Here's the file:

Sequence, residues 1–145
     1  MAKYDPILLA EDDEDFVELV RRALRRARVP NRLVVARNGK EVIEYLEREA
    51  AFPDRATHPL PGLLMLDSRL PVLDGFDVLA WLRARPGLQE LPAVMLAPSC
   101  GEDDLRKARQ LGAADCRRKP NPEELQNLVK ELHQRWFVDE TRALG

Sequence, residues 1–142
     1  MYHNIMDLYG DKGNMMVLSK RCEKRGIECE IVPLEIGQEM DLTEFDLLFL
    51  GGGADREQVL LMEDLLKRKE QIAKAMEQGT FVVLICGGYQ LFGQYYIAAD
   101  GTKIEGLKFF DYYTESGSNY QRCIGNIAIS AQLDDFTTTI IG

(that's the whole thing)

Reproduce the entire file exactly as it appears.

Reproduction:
Sequence, residues 1–145
     1  MAKYDPILLA EDDEDFVELV RRALRRARVP NRLVVARNGK EVIEYLEREA
    51  AFPDRATHPL PGLLMLDSRL PVLDGFDVLA WLRARPGLQE LPAVMLAPSC
   101  GEDDLRKARQ LGAADCRRKP NPEELQNLVK ELHQRWFVDE TRALG

Sequence, residues 1–142
     1  MYHNIMDLYG DKGNMMVLSK RCEKRGIECE IVPLEIGQEM DLTEFDLLFL
    51  GGGADREQVL LMEDLLKRKE QIAKAMEQGT FVVLICGGYQ LFGQYYIAAD
   101  GTKIEGLKFF DYYTESGSNY QRCIGNIAIS AQLDDFTTTI IG